Want to know what else really surprised me about this prequel, first-time director Matthijs van Heijningen Jr., a name that I am very glad I get to type instead of pronouncing out loud. From the trailers I could tell that his atmosphere was dead on and his cinematography crisp, but what really surprised me aside from his overall execution was the most important element there is: his execution of the horror. From the get-go we are thrown into the dark and gloomy atmosphere very much reminiscent of the barren winter-wasteland our protagonists find themselves in, and once they bring the creature back for study it is nothing but non-stop horror from then on out. Heijningen’s visuals are awesome and he managed to give us incredible usage of the large alien spaceship, something that we were not given very much of during Carpenter’s version. His using of the “thing” was great, and it provided much tension due to just how damn awesome it looked. The alien constantly changed forms, going from heinous beast to even uglier beast at times, and putting its victims through hell as it latched on to them and quickly replicated them in every biological fashion only to eventually transform back into the uglier being that it is. The look/design of the creature was amazing, and the only thing that really held this film back was the one element that always holds most modern day horror films back: CGI. The biggest reason behind the technical marvel that is John Carpenter’s The Thing is that he did so many amazing things with live-action FX. The same cannot be said about this prequel as most of the truly haunting and most awesome creature sequences were given to us in CGI fashion. In all fairness I was quite impressed with the quality of this CGI and those CGI scenes were still scary enough, but had they been given to us in live-action fashion they would have carried a much heavier punch. Thankfully we do get a fair amount of live-action FX, although they consisted mostly of close-up and slower shots of the creature, making for about half of the FX in the film. Had we been given about 70% live-action carnage, which the film could have accomplished, and the other 30% CGI for the scenes that be impossible to film live-action then this really would have been a fantastic watch close to the quality of Carpenter’s film. The CGI usage is the only real fault in the film, and Heijningen managed to close out all every other element of this experience in a positive way. The character performances were good, the fear and paranoia felt real, and his execution of the horror they experienced was top-notch, showing that this first-time filmmaker has potential to deliver more good to the genre in the future.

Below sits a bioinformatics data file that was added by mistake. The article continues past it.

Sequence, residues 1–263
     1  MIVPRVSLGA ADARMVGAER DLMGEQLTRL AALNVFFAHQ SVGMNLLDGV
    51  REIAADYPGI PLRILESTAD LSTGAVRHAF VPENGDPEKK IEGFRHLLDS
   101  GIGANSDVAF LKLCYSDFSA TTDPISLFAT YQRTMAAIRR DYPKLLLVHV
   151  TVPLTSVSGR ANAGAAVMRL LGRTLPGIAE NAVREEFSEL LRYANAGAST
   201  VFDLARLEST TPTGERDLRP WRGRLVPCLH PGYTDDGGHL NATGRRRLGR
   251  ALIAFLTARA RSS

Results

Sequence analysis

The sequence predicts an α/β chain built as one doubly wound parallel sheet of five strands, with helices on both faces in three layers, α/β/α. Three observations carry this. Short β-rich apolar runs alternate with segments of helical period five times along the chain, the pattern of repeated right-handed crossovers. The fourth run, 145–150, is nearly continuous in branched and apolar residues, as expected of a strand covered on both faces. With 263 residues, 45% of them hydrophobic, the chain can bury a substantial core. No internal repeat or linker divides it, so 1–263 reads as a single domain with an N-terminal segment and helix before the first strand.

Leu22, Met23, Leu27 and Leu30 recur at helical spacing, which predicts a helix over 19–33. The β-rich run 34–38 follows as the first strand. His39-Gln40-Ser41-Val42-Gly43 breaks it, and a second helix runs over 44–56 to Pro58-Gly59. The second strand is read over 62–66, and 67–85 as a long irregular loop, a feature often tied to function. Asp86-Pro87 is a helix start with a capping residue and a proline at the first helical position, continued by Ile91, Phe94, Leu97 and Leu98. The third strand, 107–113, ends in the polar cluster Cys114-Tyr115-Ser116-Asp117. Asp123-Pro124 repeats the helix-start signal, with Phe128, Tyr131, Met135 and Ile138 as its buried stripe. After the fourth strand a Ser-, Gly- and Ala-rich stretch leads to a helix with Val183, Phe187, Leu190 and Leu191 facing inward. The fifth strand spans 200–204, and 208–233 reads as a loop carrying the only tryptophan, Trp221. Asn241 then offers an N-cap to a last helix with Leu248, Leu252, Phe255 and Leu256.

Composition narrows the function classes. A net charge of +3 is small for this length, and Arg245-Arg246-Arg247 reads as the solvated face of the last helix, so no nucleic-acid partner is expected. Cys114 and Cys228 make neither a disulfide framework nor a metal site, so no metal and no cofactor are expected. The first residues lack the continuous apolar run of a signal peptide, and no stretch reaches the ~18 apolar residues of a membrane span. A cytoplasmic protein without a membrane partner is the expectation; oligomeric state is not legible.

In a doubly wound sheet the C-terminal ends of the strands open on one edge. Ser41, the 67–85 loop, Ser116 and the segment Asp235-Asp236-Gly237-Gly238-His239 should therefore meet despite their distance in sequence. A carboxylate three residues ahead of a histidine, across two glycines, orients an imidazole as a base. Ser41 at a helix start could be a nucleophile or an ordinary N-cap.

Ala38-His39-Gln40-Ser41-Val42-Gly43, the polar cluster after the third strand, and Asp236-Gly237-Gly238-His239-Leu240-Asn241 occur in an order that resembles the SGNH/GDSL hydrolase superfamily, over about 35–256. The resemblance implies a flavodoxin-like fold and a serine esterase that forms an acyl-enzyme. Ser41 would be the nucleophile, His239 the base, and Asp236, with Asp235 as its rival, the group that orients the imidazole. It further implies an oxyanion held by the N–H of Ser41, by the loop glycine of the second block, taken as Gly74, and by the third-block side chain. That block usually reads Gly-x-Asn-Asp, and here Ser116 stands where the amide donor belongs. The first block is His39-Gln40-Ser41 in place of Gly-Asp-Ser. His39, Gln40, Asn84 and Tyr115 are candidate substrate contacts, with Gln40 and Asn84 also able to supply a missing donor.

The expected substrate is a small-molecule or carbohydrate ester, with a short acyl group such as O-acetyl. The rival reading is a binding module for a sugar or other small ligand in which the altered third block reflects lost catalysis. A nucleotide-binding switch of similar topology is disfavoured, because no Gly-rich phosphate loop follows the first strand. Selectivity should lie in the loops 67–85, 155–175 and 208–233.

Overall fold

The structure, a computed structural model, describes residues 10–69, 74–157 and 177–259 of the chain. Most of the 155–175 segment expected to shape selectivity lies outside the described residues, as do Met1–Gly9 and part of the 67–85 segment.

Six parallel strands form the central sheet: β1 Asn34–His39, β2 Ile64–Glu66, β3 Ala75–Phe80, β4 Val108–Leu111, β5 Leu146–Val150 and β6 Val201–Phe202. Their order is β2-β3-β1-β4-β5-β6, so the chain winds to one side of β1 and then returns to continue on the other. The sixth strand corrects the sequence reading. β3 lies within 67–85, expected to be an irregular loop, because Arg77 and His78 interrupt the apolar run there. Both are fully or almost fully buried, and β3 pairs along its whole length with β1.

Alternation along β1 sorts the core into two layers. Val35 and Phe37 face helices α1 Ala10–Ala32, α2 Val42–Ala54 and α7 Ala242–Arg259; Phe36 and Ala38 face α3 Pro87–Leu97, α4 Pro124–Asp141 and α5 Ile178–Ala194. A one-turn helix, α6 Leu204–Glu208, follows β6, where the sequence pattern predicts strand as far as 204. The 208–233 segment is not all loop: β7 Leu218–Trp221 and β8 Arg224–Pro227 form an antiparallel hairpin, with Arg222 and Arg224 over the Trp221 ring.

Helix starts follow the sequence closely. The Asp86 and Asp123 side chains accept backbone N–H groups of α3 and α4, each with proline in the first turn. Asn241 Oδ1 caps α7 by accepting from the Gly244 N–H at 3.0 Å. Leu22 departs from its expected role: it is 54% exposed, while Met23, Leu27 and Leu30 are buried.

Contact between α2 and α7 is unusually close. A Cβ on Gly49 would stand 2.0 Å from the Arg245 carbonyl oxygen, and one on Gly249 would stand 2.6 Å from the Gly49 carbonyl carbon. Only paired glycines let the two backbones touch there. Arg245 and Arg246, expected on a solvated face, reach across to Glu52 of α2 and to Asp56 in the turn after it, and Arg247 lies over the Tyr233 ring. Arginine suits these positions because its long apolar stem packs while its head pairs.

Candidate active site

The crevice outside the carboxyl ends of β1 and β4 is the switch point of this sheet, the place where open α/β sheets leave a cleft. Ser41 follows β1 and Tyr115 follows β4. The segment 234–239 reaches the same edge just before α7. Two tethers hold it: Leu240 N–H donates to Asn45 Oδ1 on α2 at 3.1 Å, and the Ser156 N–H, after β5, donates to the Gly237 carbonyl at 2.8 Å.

Overall, The Thing (prequel) is a film that I found surprisingly enjoyable thanks to good direction and positive writing from two filmmakers who have shown they have a knack to do good things in the horror genre. The storyline follows the same template as Carpenter’s classic, but manages to throw in enough unique elements to come off as its own film, and in fact a prequel, which thanks to good writing execution never once bored me or had me uninterested in what was going on. The horror provided is great and we get lots of creature action sure to please those seeking it, and in the end The Thing (prequel) is not only the year’s biggest surprise in the genre, but one of my most enjoyed thus far.